While I think Diamond’s observations here are largely fair, Diamond makes no effort to analyze the failings of modern states, and these failures are significant and cannot be ignored.  Neither, however, can the implications of Diamond’s observations for those who think we would be better off in stateless societies.  However, Diamond is primarily an ornithologist and anthropologist, so perhaps he can be forgiven for not examining more closely the problems of states in a rather short essay that is more concerned about cycles of violence and our modern repression of personal vengeance.

Further, Diamond’s essay only tangentially addresses, but is nonetheless seems a good jumping-off point for considering further, our evolved human nature and the heritage that such evolution has left us in terms of a cognitive system that is prone to suspicion of others, black and white views, self-justification and other characteristics that tended to reinforce our important tribal identities.  These are matters that I think affect each of us and are very much in evidence in the modern, “civilized” world – the world of impassioned disagreements between factions, racial divides, hostility towards “others” (those evil “Islamofascists,” gays, immigrants, liberals, envirofascists, etc.) and our fabulous ability to identify the mistakes and inconsistencies of others while ignoring our own.  As hjmaiere pointed out in a recent forum post (“Hermann Goering on Anthropogenic Global Warming” – naturally I disagreed with him in relevant parts), it is the powerful effects of our tribal nature that rent-seekers (and their political handlers) are so good at identifying and manipulating.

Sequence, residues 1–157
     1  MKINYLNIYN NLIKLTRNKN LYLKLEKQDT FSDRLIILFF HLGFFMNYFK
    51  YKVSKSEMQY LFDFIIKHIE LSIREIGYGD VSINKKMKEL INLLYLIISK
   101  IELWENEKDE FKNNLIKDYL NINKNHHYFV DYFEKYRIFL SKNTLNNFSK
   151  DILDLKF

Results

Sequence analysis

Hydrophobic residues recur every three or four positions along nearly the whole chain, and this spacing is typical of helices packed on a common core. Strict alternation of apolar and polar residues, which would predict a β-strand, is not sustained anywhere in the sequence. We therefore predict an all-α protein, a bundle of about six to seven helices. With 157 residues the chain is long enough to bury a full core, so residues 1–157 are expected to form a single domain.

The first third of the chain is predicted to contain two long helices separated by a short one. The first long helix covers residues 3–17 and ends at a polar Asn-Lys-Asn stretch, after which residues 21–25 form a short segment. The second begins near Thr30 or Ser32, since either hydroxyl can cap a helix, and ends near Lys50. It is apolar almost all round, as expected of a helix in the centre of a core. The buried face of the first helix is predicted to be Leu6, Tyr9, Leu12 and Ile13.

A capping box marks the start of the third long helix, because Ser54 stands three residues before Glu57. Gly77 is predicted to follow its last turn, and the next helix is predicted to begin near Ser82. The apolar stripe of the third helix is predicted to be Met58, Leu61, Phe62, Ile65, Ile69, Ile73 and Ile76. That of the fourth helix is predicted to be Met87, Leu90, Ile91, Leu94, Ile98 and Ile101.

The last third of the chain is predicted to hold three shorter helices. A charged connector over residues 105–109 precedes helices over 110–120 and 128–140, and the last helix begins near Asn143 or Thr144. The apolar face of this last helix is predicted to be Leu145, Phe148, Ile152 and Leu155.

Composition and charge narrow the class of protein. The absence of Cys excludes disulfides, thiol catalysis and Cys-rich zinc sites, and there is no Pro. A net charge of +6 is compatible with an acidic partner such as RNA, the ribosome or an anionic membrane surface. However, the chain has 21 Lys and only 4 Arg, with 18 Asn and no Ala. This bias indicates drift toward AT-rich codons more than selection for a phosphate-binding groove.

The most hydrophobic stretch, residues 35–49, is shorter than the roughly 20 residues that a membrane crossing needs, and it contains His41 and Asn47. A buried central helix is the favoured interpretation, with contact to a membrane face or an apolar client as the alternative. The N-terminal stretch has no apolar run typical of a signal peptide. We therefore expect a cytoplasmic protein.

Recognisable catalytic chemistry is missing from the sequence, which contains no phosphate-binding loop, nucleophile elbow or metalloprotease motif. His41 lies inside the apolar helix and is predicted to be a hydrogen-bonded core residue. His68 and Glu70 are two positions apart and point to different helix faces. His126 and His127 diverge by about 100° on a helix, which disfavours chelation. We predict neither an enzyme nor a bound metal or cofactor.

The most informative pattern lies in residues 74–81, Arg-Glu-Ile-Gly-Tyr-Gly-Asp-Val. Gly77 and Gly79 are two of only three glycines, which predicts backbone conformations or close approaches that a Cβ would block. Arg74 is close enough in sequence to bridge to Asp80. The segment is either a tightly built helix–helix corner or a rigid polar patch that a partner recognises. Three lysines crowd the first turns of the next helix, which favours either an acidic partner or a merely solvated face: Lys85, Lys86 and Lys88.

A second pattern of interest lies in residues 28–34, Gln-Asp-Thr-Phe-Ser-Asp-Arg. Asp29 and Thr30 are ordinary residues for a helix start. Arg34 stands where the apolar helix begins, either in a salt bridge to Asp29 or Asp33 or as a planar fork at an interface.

Almost levelled, West Virginia: Crooked justice allows mountain-top removal practices to freely injure homes and health

March 3rd, 2008 3 comments

… with the federal government, state and union all firmly
in the pocket of coal firms.

This seems to be a classic case, on a huge scale, of the difficulties individual property owners and communities face when confronting clearly wrongful acts by large